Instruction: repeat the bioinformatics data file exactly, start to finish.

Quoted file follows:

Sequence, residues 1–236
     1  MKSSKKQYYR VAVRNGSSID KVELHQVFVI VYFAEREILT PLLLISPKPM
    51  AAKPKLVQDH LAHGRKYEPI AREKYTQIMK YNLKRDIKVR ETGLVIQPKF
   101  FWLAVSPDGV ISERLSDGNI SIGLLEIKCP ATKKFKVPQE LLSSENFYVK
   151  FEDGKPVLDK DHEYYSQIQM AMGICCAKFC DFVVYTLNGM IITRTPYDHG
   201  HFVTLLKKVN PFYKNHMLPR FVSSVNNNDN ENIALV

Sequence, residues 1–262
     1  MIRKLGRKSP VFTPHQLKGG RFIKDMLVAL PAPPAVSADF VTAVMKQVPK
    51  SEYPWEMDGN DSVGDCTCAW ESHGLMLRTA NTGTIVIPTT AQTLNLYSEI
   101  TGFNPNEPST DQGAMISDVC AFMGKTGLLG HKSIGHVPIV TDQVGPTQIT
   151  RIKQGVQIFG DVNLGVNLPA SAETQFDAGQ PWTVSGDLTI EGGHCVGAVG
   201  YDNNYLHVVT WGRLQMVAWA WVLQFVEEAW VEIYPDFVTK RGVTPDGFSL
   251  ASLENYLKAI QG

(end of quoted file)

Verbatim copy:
Sequence, residues 1–236
     1  MKSSKKQYYR VAVRNGSSID KVELHQVFVI VYFAEREILT PLLLISPKPM
    51  AAKPKLVQDH LAHGRKYEPI AREKYTQIMK YNLKRDIKVR ETGLVIQPKF
   101  FWLAVSPDGV ISERLSDGNI SIGLLEIKCP ATKKFKVPQE LLSSENFYVK
   151  FEDGKPVLDK DHEYYSQIQM AMGICCAKFC DFVVYTLNGM IITRTPYDHG
   201  HFVTLLKKVN PFYKNHMLPR FVSSVNNNDN ENIALV

Sequence, residues 1–262
     1  MIRKLGRKSP VFTPHQLKGG RFIKDMLVAL PAPPAVSADF VTAVMKQVPK
    51  SEYPWEMDGN DSVGDCTCAW ESHGLMLRTA NTGTIVIPTT AQTLNLYSEI
   101  TGFNPNEPST DQGAMISDVC AFMGKTGLLG HKSIGHVPIV TDQVGPTQIT
   151  RIKQGVQIFG DVNLGVNLPA SAETQFDAGQ PWTVSGDLTI EGGHCVGAVG
   201  YDNNYLHVVT WGRLQMVAWA WVLQFVEEAW VEIYPDFVTK RGVTPDGFSL
   251  ASLENYLKAI QG